Peering into the Task Force Blackjack conference room on any given Tuesday, one might be surprised at what he or she hears.

On Tuesdays, Staff Sgt. John Meyer, the 4th Squadron, 10th Cavalry Regiment, 3rd Brigade Combat Team, 4th Infantry Division protective services detail platoon sergeant from Longmont, Colo., leads discussions on topics such as detecting "icebergs" and avoiding "thinking traps," as part of an Army-wide program called Master Resiliency Training.

Master Resiliency Training, a joint initiative between the U.S. Army and the University of Pennsylvania, provides Soldiers an opportunity to improve their well-being and develop their leadership potential.

While the training is a positive tool for helping Soldiers maintain balance and overcome adversity, it is not a special device used to avoid basic soldiering. Attention to detail, discipline, following orders, and performing tasks to standard are still a major part of daily TF Blackjack operations.

"A Soldier who displays substandard performance is still going to be disciplined by [his or her] leader," Meyer said during a group discussion. "How the leader goes about communicating with the Soldier and how the Soldier responds to the reprimand are the only things being worked on."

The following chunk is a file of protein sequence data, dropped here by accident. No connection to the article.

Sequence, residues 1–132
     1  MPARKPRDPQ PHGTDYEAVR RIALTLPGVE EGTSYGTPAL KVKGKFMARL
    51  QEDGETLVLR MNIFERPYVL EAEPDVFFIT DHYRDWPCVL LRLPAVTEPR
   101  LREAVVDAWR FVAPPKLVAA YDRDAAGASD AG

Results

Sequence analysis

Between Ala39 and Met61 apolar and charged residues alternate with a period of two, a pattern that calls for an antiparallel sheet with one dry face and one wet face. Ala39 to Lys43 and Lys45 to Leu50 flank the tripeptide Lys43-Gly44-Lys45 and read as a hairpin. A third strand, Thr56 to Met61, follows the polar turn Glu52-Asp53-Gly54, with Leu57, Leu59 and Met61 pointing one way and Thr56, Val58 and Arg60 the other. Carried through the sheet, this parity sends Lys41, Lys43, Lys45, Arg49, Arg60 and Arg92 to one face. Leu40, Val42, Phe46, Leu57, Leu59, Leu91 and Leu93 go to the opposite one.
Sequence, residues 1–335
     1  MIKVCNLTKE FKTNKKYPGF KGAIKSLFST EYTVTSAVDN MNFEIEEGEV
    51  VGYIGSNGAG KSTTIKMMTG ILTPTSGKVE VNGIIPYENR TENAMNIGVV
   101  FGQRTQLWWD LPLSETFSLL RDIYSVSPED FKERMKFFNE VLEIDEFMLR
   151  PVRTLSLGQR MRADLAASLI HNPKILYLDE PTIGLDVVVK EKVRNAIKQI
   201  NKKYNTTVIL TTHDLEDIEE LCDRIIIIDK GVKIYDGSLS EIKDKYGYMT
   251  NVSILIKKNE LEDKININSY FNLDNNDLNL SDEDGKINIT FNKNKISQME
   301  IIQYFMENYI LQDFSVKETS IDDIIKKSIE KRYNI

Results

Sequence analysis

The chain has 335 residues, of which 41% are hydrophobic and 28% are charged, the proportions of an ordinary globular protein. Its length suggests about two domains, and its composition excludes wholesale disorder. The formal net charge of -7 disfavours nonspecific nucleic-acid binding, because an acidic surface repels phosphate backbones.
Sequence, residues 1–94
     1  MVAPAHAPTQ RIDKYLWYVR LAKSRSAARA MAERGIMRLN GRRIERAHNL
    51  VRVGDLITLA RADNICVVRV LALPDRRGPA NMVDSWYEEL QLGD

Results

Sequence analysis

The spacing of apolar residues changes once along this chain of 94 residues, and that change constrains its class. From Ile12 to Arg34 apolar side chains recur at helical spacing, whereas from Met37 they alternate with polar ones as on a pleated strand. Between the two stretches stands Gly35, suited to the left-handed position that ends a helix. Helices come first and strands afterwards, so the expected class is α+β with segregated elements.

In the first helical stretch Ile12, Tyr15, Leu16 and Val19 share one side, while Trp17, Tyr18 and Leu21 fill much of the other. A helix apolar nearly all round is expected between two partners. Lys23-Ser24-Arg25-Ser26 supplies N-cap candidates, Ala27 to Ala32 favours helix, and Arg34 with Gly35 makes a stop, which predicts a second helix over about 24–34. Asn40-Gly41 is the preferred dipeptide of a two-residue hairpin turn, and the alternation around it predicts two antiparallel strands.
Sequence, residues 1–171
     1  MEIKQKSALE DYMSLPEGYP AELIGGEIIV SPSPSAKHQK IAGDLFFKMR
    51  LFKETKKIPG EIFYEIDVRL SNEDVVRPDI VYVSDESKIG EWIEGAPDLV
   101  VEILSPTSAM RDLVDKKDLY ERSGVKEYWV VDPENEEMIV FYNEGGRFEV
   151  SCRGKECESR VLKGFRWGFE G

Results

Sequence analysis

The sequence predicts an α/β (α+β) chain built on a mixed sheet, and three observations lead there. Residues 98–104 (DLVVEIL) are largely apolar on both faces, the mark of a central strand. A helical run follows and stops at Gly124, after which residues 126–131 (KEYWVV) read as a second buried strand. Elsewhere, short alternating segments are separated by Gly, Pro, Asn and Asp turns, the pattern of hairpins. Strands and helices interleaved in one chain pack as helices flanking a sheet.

When Meyer first learned he was being sent to University of Pennsylvania for a master resiliency instructor class, he assumed it was some pilot physical training program.

One of the major topics in the MRT program is building mental toughness during difficult situations like a deployment.

"I had better respect for the material after using it to cope with the stress my wife was feeling from my being gone," Meyer said.

Soldiers learn about "The Velcro / Teflon Effect," which is the tendency to notice evidence that confirms preexisting thoughts and to miss evidence that contradicts those thoughts. The list of skills learned during resiliency training is vast, and each skill can be applied within TF Blackjack's current operation.

"They should maybe teach a condensed resiliency training class in basic [training] so that Soldiers have some kind of idea of what they're getting into and what to expect in the Army," Meyer said.
Master Resiliency Training is meant to be forward-learning as it works to solve problems long before they ever occur.

"Some of the Soldiers tell me that the modules are helping them deal with stress in their family or this deployment," said Meyer. "After class, other Soldiers come up to me and ask for further information on how to utilize the materials covered."

While most Soldiers appreciate the training, Meyer said some seasoned veterans frown upon the "New Army" and teaching them to adjust their thinking patterns can be very challenging.

"The hardest part of the resiliency training is being able to get the guys with the old school mentality to sit down and converse with Soldiers or be open-minded about the class and absorb some of the information to use for their own good," Meyer said.